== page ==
HIV and AIDS in 2030: A Choice Between Two Futures
HIV and AIDS in 2030: A Choice Between Two Futures


HIV and AIDS in 2030: A Choice Between Two Futures

Let’s Talk

The HIV/AIDS epidemic has largely faded from public consciousness. It was a major topic during the early years of this century, with more than 2.5 million new HIV infections and and more than 1.5 million AIDS-related deaths each year. Concern about the epidemic led to a remarkable humanitarian initiative that has made amazing progress against the epidemic. Unfortunately, the fight is not over, and there is a real risk of resurgence during the 2020s. It is still possible to end the epidemic by 2030, but it will take a conscious choice and concerted effort. Public awareness is vital to ensuring that we make the right choice and that we persevere through the next decade.

One easy way to raise awareness is simply to talk in groups about the epidemic and the realities of where we are in the fight to win the war against AIDS. Use the video to start the discussion and these downloadable materials to keep it going.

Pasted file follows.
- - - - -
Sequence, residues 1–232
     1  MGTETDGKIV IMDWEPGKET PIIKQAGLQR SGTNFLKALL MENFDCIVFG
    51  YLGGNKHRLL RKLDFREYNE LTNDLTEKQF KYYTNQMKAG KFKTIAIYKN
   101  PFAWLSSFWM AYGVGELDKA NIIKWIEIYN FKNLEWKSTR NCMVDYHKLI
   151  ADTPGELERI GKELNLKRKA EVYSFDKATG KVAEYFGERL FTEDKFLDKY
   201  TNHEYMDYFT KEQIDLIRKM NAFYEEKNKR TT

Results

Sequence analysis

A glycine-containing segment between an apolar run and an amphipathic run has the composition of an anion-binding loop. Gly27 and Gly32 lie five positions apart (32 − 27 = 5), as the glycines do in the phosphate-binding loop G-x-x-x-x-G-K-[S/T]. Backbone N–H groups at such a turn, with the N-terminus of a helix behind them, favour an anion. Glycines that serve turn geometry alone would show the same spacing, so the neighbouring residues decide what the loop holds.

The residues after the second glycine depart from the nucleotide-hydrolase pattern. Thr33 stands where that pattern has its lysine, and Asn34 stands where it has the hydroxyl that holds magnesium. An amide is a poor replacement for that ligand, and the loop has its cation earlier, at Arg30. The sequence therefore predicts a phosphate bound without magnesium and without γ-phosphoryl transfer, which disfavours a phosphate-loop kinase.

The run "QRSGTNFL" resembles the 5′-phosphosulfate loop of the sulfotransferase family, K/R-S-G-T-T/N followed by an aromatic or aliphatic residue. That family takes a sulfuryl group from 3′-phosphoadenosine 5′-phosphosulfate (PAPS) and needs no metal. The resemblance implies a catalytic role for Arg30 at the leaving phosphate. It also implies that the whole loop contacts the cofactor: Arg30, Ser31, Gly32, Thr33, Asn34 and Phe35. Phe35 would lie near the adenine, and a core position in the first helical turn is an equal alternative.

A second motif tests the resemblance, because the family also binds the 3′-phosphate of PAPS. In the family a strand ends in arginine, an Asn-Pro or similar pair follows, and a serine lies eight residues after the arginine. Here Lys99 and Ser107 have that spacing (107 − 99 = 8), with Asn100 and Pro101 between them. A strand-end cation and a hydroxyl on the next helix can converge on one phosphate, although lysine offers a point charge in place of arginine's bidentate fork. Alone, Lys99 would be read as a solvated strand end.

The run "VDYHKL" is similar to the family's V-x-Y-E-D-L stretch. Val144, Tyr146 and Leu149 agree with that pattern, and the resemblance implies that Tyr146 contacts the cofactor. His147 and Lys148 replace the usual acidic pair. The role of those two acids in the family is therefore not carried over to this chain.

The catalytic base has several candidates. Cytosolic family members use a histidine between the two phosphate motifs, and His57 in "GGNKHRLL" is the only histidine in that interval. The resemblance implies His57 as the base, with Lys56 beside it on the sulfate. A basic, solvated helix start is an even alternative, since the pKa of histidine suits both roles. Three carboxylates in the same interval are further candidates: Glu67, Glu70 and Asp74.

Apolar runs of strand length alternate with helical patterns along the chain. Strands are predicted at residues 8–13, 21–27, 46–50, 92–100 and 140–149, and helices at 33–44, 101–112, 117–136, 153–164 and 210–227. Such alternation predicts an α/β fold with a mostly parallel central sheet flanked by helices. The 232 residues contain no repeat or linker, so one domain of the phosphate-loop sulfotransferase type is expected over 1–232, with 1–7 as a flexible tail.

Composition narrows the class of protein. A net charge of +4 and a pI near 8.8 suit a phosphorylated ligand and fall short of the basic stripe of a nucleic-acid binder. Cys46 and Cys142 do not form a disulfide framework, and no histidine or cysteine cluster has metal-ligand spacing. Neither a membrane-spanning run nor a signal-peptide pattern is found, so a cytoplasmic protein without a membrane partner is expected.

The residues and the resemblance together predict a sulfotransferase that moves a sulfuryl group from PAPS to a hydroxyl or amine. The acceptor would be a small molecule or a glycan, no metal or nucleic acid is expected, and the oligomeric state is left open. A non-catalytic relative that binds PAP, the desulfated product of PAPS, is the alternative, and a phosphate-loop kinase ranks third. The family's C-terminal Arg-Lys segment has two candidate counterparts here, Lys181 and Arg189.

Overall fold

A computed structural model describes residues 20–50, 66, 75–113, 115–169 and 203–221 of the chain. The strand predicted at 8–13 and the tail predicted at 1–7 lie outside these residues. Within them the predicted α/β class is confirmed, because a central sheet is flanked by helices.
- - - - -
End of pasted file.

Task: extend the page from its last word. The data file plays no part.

Click here for more information about “HIV and AIDS in 2030”

WAA Book Front Cover.jpeg
David Barstow’s book is a must read for anyone who cares about the world’s collective conscience and future.
— Rev. Adam Taylor, Executive Director, Sojourners


What does the phrase “AIDS Epidemic” mean to you?

At a 2016 AIDS conference, Charlize Theron said, “We value some lives more than other.” Is she right?

Why are marginalized and vulnerable populations at higher risk of HIV infection?

Why is stigma such an important factor in the AIDS epidemic?

Has religion helped or hurt the global response to HIV and AIDS?

What is the best way to prevent a rapid increase of new HIV infections among young people?

In the United States, the “hot spot” for HIV and AIDS is in the rural south. Why?

If you were a policy maker on a panel in 2030, and someone asked you how it felt to lose the war against AIDS, how would you respond?

If you look ahead to 2030, do you think we will win or lose the war against AIDS? Why?